“Thiem’s hair gets uglier and uglier right?! It definitely doesn’t deserve a trophy picture.”
“What is Thiem’s hair, who said this was a good idea?”
“So Thiem will win his first GS with that awful paint in his hair.”
“Thiem should’ve been kicked out of the AusOpen for the hair alone.”
“I just have a hard time believing that could ever be slam-winning hair.”
The last one is from a high-profile tennis journalist, part of several tweets that made the rounds as Dominic Thiem took the court in Melbourne. With the ends of his dark brown hair dyed blonde, many saw it as an inadvertent tribute to 90s boy band NSYNC.
I don’t tweet often. But I had a draft ready in case Thiem beat Novak Djokovic on Sunday, with a photo of the said frosted tips in all its glory and the caption: “The 90s strike back!”
Thiem, born in 1993, is a man out of his time. Take fellow top prospect Stefanos Tsitsipas for example. Tsitsipas created a YouTube channel when he was 13. And if your tennis fandom is limited to the Big 3, you would mistake the Greek for a professional YouTuber (Yes, that is a thing).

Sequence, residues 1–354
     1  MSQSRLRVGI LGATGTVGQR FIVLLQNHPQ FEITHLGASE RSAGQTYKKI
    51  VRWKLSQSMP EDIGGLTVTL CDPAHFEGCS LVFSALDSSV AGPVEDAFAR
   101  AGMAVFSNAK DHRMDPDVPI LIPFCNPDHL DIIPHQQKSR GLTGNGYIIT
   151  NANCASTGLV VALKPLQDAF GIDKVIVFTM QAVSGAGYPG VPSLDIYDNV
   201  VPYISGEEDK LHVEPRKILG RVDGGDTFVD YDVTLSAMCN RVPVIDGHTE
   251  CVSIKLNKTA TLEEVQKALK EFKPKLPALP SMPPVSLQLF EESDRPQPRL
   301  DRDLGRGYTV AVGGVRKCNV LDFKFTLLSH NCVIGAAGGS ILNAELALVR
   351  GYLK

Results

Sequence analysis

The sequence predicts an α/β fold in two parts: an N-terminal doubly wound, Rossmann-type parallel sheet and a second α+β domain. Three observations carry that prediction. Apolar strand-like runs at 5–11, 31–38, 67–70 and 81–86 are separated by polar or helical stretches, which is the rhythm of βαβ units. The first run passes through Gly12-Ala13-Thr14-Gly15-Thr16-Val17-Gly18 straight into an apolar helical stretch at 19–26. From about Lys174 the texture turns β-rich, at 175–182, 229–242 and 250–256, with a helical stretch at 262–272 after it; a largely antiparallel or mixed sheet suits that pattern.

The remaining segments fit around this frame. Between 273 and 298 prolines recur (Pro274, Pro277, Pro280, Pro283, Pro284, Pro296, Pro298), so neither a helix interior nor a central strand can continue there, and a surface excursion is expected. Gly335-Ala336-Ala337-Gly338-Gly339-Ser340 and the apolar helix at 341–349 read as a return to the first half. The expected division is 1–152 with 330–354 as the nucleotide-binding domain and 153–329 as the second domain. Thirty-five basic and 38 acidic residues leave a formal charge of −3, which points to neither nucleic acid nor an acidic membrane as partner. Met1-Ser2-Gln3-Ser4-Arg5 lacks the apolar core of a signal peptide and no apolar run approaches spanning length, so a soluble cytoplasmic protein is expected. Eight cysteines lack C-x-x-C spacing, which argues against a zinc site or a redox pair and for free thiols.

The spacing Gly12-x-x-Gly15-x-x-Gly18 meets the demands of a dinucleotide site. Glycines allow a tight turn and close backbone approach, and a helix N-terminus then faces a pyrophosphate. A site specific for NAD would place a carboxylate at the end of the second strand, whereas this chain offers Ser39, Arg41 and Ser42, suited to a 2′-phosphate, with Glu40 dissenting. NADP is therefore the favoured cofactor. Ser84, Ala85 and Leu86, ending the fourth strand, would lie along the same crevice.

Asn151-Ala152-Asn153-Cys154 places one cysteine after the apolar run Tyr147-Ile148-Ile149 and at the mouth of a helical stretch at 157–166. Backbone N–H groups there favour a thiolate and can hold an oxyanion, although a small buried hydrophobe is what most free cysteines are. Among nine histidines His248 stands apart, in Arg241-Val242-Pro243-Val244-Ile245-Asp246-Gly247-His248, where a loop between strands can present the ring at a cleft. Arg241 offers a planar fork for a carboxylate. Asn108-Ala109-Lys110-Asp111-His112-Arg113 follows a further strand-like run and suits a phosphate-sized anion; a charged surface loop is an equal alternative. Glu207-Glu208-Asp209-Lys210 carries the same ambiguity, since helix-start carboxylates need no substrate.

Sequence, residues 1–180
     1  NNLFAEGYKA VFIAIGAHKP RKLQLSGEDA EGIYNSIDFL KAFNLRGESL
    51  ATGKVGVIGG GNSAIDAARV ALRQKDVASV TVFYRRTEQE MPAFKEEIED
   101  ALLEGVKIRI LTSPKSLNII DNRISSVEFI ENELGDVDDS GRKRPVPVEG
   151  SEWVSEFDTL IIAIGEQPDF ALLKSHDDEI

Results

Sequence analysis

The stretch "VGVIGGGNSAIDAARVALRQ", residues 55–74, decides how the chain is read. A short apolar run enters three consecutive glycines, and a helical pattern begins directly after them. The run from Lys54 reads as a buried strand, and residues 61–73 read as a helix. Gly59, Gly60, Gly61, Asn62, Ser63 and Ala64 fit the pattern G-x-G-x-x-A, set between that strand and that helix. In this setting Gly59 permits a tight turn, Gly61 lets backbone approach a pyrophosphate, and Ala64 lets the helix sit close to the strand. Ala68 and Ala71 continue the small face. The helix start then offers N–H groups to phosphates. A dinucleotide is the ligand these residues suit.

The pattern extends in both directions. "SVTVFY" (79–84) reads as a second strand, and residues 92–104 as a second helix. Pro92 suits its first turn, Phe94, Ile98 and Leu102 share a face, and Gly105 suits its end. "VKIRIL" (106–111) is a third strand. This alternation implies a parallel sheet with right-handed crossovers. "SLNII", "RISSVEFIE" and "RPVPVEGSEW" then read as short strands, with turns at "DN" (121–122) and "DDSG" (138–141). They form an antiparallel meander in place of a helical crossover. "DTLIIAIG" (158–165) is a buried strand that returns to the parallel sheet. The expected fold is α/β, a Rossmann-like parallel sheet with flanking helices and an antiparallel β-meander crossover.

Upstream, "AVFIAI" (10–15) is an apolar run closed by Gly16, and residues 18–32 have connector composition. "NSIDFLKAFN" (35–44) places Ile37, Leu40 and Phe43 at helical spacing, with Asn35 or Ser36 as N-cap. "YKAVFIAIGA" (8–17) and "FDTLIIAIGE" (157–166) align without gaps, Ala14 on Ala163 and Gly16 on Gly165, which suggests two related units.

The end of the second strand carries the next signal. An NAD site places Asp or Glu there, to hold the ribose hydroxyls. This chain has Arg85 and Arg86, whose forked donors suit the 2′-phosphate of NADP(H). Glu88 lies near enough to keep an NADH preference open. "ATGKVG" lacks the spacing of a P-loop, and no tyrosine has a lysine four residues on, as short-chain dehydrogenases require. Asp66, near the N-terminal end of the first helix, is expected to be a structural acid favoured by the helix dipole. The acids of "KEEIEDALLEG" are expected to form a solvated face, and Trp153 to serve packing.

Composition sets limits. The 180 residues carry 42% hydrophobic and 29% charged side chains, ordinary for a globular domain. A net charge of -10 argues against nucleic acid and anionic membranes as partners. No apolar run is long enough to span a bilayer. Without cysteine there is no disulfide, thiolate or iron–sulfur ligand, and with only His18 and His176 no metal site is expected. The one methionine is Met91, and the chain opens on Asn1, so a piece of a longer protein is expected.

Tsitsipas, who makes the Gen Z cut thanks to his 1998 birthdate, has a selfie stick handly, regularly uploading vlogs and behind the scenes. He knows what thumbnails and captions will woo his 171k (and growing) fans. Less than a week after his Australian Open exit in the third round, he was “back home in Monaco”, seated in a gaming chair, going on about the ‘6k, 24fps, 10-bit footage’ his new camera shoots.
“I’ve spent so much money for all this gear… But I don’t make money out of Instagram,” he explains later in the video. “I get that it’s a hobby. But I believe I deserve a little bit of that” — Tsitsipas makes the universal symbol for money — “a little bit of that… cash. I’m not doing it for the money but, why not.”